Don’t ask why I preserve the hash rocket in routes.rb. There is no logical reason, I’ve eliminated it from almost all my coding, but for some reason I like the way it looks in routes.

Knowing the routes help define what we’re going to test in the controller. Now, I code controllers to be as thin as possible and I would hope candidates do the same, but if someone can justify what they are doing, and understand how to alter their behavior, that’s fine too. There have been reams written on this and thankfully the Rails community has moved away from fat controllers, but I will sum up my objection in one sentence: I hate writing bloody controller tests, adding logic means adding more tests. When I write more controller tests I am, in the immortal words of Smokey Robinson,  “Really I’m sad, oh sadder than sad.”

I write controller tests to check the routes are working, and where necessary that the model objects are not nil. Aside from that, there should not be anything necessary to test. One of the clues that your controllers are getting putting on weight is when you start testing for more specific items in the session or assigns. We’ll see a great example of this in Part 4 when we get to multi page forms.

Then, the controller is written to be as close to a generated scaffold as possible. Lets look at this controller and bask in it’s nothingness.

Next, we have 2 views; new, show and the form as a partial. Even though I do not have an edit route, I still prefer using partials as its simply good practice. Applications grow over time, coding in a way which does not add any additional development to the initial task, but makes expansion easier later should be the goal for every task.

Finally, I create my layout with a simple bootstrap template. I’m no designer or Human Factors engineer, but I got tired of my raw html or the scaffolded rails css a long time ago. If you haven’t used bootstrap or foundation, invest a small amount of time in it and you will be shocked at what the design impaired can create without expending any time.

Finishing Up

There are a handful of tasks left to make this resemble a real application rather than a hastily finished test. On other tests I’ve reviewed, this is the phase which generally separates candidates’s skills.

For this run through, I want to get integration tests set up, complete a handful of them, and get a basic home page. So we enter the realms of another Rails schism, integration testing. All I am going to say is that I like Rspec, at one point I used it for all my tests, but I’ve simplified my testing where possible, particularly a prototype such as this which only warrants a few tests. So I am using Capybara without Rspec as I believe it fits the scale of what I am testing.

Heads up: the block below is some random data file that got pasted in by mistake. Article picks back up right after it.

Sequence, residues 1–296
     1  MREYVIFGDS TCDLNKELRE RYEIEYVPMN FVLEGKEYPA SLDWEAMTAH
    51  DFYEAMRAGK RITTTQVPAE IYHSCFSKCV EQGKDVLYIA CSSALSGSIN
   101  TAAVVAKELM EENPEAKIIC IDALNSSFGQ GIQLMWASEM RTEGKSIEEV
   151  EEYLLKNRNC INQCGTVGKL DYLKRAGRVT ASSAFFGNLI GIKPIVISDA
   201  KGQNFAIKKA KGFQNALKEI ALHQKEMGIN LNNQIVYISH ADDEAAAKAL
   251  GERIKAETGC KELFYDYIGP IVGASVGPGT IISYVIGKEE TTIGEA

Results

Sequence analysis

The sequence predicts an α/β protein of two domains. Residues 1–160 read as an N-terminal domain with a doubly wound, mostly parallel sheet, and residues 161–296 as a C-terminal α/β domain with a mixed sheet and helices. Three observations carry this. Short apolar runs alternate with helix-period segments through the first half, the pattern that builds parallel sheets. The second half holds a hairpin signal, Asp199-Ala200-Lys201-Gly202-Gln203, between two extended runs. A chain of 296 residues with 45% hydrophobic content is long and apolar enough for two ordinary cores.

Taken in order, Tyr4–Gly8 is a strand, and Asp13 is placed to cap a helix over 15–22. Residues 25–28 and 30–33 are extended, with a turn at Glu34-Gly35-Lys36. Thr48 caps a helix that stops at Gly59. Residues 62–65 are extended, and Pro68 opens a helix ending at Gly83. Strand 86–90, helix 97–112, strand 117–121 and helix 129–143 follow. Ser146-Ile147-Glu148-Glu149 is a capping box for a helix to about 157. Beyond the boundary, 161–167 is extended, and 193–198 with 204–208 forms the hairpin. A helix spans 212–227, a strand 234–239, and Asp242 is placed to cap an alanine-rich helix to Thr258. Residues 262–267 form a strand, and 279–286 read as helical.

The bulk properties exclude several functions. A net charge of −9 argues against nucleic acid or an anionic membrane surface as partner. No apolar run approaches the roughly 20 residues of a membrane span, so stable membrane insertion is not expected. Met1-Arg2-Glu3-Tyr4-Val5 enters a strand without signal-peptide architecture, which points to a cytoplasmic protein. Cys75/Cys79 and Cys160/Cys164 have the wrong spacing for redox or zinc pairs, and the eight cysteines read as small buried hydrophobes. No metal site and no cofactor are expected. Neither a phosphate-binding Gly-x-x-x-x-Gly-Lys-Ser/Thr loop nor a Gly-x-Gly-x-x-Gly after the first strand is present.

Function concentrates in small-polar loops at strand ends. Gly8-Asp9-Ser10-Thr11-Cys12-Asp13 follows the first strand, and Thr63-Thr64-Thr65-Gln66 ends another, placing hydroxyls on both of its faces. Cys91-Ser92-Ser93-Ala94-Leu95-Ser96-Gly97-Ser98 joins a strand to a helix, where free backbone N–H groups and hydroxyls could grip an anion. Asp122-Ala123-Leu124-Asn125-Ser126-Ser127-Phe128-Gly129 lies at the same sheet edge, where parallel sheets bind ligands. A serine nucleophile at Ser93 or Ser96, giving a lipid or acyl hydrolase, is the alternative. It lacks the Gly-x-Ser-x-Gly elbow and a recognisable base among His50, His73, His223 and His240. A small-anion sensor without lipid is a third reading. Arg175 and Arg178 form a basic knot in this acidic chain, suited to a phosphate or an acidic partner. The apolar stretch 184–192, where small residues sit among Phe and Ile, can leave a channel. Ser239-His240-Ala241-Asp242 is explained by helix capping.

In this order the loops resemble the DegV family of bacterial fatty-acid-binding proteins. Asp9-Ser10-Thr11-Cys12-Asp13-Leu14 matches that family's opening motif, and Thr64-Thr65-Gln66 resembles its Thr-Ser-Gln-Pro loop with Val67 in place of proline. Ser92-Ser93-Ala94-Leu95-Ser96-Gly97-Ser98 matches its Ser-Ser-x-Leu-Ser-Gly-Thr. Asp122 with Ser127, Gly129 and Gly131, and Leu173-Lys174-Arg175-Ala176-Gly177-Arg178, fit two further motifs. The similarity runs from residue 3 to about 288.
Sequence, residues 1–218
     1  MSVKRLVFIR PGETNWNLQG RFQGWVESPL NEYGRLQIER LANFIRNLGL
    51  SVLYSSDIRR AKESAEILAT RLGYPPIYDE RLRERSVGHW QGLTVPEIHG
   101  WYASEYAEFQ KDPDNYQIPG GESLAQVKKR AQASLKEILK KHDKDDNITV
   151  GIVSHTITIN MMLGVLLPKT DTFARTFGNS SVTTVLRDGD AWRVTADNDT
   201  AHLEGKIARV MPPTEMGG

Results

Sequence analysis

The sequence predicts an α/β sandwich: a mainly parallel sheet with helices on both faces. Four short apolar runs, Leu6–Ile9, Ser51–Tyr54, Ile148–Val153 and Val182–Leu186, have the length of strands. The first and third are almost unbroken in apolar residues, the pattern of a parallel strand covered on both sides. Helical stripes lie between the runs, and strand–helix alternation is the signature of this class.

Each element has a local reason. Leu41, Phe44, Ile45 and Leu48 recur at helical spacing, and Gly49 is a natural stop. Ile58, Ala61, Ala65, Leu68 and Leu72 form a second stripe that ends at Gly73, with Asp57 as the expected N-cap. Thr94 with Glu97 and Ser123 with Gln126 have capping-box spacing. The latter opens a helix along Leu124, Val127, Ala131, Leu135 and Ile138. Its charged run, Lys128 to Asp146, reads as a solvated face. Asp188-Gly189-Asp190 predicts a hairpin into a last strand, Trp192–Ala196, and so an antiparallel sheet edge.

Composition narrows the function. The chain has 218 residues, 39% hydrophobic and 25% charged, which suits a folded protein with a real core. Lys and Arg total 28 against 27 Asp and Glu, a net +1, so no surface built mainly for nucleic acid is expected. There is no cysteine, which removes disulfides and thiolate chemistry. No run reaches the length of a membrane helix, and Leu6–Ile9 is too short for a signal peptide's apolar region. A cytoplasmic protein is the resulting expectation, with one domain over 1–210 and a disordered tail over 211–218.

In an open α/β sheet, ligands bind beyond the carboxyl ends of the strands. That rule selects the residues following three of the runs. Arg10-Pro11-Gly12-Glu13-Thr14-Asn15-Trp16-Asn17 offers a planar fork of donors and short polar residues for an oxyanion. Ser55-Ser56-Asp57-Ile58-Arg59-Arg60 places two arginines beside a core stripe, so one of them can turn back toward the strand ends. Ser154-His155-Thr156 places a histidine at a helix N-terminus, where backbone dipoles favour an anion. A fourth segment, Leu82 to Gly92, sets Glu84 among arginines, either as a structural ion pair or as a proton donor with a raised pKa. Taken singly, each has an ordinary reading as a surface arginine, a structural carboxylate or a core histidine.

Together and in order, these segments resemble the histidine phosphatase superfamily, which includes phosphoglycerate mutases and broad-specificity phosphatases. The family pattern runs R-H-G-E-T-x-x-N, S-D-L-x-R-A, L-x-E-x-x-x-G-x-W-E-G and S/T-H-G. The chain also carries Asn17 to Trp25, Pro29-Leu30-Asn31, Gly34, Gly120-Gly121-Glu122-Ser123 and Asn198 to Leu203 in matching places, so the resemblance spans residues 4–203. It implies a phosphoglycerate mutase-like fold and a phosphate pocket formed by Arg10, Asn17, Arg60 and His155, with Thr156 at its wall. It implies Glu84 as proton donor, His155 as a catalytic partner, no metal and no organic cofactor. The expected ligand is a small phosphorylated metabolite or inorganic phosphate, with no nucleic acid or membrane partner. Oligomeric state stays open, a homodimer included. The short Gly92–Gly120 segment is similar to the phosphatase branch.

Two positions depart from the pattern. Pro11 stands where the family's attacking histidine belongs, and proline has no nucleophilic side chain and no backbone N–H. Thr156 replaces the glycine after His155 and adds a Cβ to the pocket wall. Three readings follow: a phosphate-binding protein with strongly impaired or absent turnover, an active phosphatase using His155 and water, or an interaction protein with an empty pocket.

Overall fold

I’ve written enough prototypes to have a standard simple interface with the same layout and ids. So I start with a couple of home page tests which can expand as more functionality is added to the site. I like creating helper methods in integration tests, I will probably refactor these out of the test class eventually.

I create a similar simple integration test for the simulation page. The UI is clean and basic, there isn’t a great deal of testing which can’t be done in the units, and though its tempting to keep writing tests, the result will simply be a duplication of effort. I’ve already tested the model and controller, I’m creating simple sanity tests for the application as a while.

The other problem I am trying to avoid is setting up too many intricate tests tied to css selectors which will change over the evolution of an application. I want to do just enough, and evolve to an appropriate level of testing over time.

Summing Up

Well that took considerably longer to write than it did to code. I finished in about 45 minutes. However, I was sitting comfortably with my feet up, had no pressure, and used gems and tools I have used dozens of times before.

I did add another couple of tasks into the exercise which I am thinking of adding into the requirements, as first written thought, I think 90 minutes would be a fair time to complete. With another 30 minutes discussion after its still a little on the long side, but valuable to get a sense of a candidate’s ability.

What I found most interesting, was that an application with about 30 lines of business logic can spark off so many different decisions and talking points. Obviously, the level of experience a candidate will have should dictate your expectations, but I would hope that from mid level upwards there is recognition and coherent discussion about testing strategy, validation, views/helpers/controllers and return structures.

While this exercise turned out better than I expected for an interview, the more interesting tasks are in the interactive game exercise. We’ll take a look at that next time in Part 3.

The Monty Hall Interview Problem Part 2